3-D Comics Skullduggery

---Behind the scenes with Leonard Maurer during the 1950s 3-D comics crash

by Ray Zone

When "Three Dimension Comics," the "World's First" 3-D Comic Book sold a million copies in 1953, the world took notice. As the inventor of 3-D comics, Leonard Maurer, in partnership with his brother Norman and cartoonist Joe Kubert, formed the American Sterographic Corporation to license the 3-D Illustereo process to comics publishers. As the publisher of "Three Dimension Comics," and under license for 3-D Illustereo, Archer St. John converted his whole line of comic books to 3-D.

"While all this was going on," recounts Leonard Maurer, "I did what I could to prepare the way for licensing, and had already approached several publishers. But, all my efforts soon went up in smoke when we were forced into a cockamamie patent infringement lawsuit with Bill Gaines."

Gaines was the publisher of the Entertaining Comics (EC) line that included MAD Comics as well as many controversial horror and crime comic books. He was also a 3-D photography enthusiast who owned a StereoRealist camera and when the St. John 3-D comics came out began immediately to make plans for 3 issues of EC 3-D Comics.

EC Comics' publisher
William Gaines
(art by Chuck Roblin)

With a patent search, Gaines discovered an October 13, 1936 Patent (no. 2,057,051) by Freeman H. Owens which was a Method of Drawing and Photographing Stereoscopic Pictures in Relief and described reproduction of a newspaper cartoon drawing as a "stereoscopic relief picture" with separate parts of the cartoon "copied on separate transparent sheets" and "opaque on the back to correspond with the outline in each case." The sheets, "advantageously celluloid," were recombined and copied "to make the pair of stereoscopic views" by shifting them laterally.

"A month before its expiration," notes Maurer, "Gaines bought the Freeman Owens patent -- which never turned up in our patent search -- from the dying inventor for a few hundred bucks." Then Gaines initiated suit for patent infringement on all the publishers of 3-D comics including St. John. "That suit," says Maurer, was "based on surreptitious individual tape recordings of meetings with Joe and Norman, where Gaines accused me of stealing the Owens patent out of the patent office (big joke). It triggered the resignation of Harvey Kurtzman and Bill Elder, who had gotten confidential disclosures of the entire process from me and felt betrayed by Gaines when phony accusations came out in court.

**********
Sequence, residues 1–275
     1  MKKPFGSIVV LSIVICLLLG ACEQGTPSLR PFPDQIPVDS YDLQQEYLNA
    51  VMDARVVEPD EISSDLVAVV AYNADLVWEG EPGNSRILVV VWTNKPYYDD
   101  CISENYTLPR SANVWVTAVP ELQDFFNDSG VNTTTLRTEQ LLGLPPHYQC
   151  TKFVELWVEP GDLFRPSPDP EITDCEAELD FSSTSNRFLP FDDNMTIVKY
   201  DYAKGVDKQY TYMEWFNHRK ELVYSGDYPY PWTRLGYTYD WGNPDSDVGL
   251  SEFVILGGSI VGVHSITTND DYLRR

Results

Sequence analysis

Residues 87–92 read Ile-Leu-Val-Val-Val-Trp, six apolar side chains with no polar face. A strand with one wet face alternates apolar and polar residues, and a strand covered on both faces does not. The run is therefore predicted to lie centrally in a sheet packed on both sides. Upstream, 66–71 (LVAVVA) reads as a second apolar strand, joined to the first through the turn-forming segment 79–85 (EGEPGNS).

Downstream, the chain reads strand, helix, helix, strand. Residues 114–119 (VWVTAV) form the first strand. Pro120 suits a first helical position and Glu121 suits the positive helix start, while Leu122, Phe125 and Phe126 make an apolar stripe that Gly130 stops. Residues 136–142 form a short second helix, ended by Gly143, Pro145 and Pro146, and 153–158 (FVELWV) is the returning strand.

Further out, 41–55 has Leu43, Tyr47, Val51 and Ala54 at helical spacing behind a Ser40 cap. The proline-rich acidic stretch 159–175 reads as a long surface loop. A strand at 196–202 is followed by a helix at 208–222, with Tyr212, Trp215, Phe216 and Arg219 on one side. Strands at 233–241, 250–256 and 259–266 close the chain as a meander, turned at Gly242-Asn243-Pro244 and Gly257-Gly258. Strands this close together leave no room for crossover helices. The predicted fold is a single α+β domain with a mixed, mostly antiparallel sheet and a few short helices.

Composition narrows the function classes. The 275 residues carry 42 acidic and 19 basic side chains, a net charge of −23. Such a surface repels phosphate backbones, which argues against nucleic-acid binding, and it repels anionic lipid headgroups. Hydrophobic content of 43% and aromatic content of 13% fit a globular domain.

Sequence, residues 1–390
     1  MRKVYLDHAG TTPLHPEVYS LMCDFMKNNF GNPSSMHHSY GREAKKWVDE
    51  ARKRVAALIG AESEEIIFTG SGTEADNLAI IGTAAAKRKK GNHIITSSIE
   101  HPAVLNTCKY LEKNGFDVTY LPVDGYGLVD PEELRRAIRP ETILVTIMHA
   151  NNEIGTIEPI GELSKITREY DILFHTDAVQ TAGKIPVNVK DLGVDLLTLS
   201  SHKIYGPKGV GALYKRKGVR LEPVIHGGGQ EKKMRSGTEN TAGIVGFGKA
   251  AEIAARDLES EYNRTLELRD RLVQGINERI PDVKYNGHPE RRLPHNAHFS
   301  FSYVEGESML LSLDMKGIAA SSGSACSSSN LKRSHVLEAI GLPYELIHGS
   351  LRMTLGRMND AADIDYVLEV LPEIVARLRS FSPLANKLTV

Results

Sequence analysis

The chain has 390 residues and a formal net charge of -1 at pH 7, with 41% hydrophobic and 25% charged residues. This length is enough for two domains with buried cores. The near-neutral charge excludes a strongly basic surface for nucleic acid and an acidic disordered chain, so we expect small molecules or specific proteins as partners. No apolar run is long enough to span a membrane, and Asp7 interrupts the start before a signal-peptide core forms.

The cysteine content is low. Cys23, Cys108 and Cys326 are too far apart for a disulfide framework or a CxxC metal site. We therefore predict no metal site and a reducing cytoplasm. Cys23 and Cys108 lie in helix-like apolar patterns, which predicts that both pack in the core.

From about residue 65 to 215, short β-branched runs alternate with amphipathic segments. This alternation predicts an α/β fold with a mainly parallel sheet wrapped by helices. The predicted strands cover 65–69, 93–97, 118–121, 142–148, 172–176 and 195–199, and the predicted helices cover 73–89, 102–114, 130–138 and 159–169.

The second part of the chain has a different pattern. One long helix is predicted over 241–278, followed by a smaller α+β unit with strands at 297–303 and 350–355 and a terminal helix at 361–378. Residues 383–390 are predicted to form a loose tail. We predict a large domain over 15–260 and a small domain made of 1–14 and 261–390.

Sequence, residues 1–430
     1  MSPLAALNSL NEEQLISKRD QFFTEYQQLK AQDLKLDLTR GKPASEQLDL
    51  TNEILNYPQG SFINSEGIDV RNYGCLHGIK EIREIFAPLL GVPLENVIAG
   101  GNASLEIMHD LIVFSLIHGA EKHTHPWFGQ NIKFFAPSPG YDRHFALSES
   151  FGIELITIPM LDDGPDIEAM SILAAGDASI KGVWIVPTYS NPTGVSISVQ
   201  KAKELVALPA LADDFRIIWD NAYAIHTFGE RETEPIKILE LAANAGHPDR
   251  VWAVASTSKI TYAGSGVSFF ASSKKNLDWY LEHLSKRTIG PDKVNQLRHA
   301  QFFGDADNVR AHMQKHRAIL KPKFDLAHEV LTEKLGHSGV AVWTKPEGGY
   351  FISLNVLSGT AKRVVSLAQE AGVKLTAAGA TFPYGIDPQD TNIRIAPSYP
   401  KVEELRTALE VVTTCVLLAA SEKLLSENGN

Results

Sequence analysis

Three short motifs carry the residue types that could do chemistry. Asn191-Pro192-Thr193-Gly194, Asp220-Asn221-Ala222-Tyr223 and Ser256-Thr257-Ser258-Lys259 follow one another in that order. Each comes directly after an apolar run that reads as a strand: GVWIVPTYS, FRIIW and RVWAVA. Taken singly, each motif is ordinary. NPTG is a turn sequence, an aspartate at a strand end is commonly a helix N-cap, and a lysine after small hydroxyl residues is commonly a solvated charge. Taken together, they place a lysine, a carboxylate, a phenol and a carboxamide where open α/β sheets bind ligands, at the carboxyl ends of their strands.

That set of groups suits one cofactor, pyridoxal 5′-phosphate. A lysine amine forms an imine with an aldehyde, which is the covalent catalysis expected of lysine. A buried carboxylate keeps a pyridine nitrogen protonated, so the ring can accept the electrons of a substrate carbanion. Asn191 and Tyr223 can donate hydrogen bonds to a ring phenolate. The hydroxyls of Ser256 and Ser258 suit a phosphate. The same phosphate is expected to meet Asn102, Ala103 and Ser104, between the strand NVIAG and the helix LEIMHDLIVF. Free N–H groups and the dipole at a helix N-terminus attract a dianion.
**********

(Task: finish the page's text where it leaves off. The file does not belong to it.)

Freeman Owens Patent of 1936 for Stereoscopic Cartoons

"The famous Judge Liebowitz threw the case out with the comment that the Gaines deposition read like a 'fantasy story out of Mad Comics.' But, it served its purpose, and ruined all my chances to license the 3-D Illustereo process to anyone other than St. John. Harvey's resignation opened the way for Al Feldstein to take over Mad. Al (my closest High School of Music and Art buddy) wasn't involved in the disclosure, but he warned me about Gaines' secret tape recorders before my meetings with him. All these guys were also old high school classmates of mine, as were many of the Mad Comics' artists, most of whom had much more integrity than their boss, I guess.

"Since that lawsuit ended all possibility of licensing in the comic book business, I was already preparing for 3-D entry into the advertising market when St. John offered me a decent cash buyout and gave me the 3-D studio with all its equipment, as well as sole ownership of the 3-D Illustereo trade name for helping him unload some of his surplus acetate and glasses to avoid bankruptcy. He made a separate deal with Joe and Norm since they were under contract as book editors and artists. Eventually, he had to go bankrupt anyway, and died shortly thereafter.

"The 3-D advertising business was pretty good for a couple of years. We had a hand in the production of the Tarzan 3-D card series published by Topps Bubble Gum, along with a number of interesting 3-D posters and marketing brochures." During this period, Maurer also worked with the American Colortype company to develope a 4-color anaglyph process called 'Stereochrome' which was "originally tested with color painted artwork on cels, using the same level-separating technique as the 3-D Illustereo process," says Maurer.

"As an advertising application, we were planning to also test the Stereochrome process photographically using a dual mirror, single lens camera auto convergence system I designed so that the center of interest at any depth level would be in full color sharp focus and relatively fringe-free when printed as a 4-color anaglyph. Unfortunately, American Colortype went out of business. 3-D advertising interest began to switch over to lenticular systems and I gradually abandoned my 3-D cartoon anaglyph work to continue on as a conventional graphic design studio."

first published in 3D News the Newsletter of the Stereo Club of Southern California, June 2001

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